When you are happy with your sear, take the filet off the pan immediately and let it cool on a cutting board. After some minutes of cooling, you can place the filet on Saran Wrap or parchment paper and baste the entire filet with a liberal coat of dijon mustard. After the mustard cools and sets up, you are ready to apply the duxelles paste. Try to cover the entire filet with an even amount that is not too thick — around a 1/8th of an inch. A silicone spatula works well to paint it on without spreading it too thin. Set this aside to continue to set up.
Next, you’ll layout 2 overlapping sheets of Saran Wrap about two feet wide. Begin laying down your slices of prosciutto across the center of your workspace, with the slightest overlap between each slice, until it extends a couple of inches wider than the filet. Now place the duxelles/mustard encased filet in the center of the prosciutto layer and then bring the strips up the sides and overlap on the top to wrap the whole thing in parma. Miraculously, as they are truly a match made in heaven, the length of the strips seem to usually match the diameter of the filet just right with only a little bit of overlap on top. Gentle bring the Saran Wrap in the same fashion to complete wrap everything together and put it in the fridge to chill.
Pro tip: This is the part I like to do the day before so the filet cools down to the same temperature as the puff pastry — and I can spend time before the dinner focused on friends or family.
When you are ready to start your bake, take out your puff pastry and roll it out on a lightly floured surface. Someday I will try to make my own, but for now, I use store-bought pastry. Unwrap and transfer the venison filet to the center of the pastry, bringing the pastry up around the sides, smoothing out any air pockets. Brush some beaten egg along the edge of the seam and then press to seal. Trim off any excess and then seal the ends in the same way.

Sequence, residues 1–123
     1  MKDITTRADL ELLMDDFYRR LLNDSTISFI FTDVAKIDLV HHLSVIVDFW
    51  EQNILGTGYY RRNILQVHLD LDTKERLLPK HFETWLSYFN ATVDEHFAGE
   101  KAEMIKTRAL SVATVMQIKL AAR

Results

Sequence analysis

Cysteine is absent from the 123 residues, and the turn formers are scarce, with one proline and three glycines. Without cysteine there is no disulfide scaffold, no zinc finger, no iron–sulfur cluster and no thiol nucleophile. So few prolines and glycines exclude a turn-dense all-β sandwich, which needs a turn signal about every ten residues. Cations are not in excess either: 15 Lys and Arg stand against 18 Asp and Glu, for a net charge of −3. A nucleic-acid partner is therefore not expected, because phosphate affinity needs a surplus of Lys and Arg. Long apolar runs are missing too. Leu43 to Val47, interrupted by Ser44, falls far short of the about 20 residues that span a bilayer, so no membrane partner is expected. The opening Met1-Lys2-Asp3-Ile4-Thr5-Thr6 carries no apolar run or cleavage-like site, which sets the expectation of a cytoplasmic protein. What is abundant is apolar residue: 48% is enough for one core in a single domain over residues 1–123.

Next, take a large baking sheet and grease it with cold butter or use a sheet of parchment paper. Place the Wellington onto the sheet, seam side down, and put it back in the refrigerator for 15 minutes. While the Wellington is chilling, position a rack in the center of the oven, and set your oven to 475°F.
Brush the Wellington with the remaining beaten egg. Using a sharp knife, score the surface of the pastry with diagonal lines, being careful not to cut all the way through the pastry. If you’re feeling really creative, you can take any extra pastry and make some designs to attach to the outside of the Wellington using the same beaten egg as your adhesive. Put the Wellington in the oven and immediately reduce the temperature to 425°F. Roast for 10 minutes, then reduce heat to 400°F and roast for another 20 to 25 minutes. The pastry should look puffed and golden brown! For those who want to use a thermometer, insert it into the center of the Wellington and register 135°F for medium-rare.
Transfer to a carving board and let the Wellington rest for approximately 10 minutes before carving. Enjoy!
As NEMO’s Creative Content Director, Randy Gaetano is a passionate outdoorsman and advocate for conservation. He can usually be found either sitting quietly in a treestand — waiting for a deer … or sitting quietly on a longboard — waiting for a wave.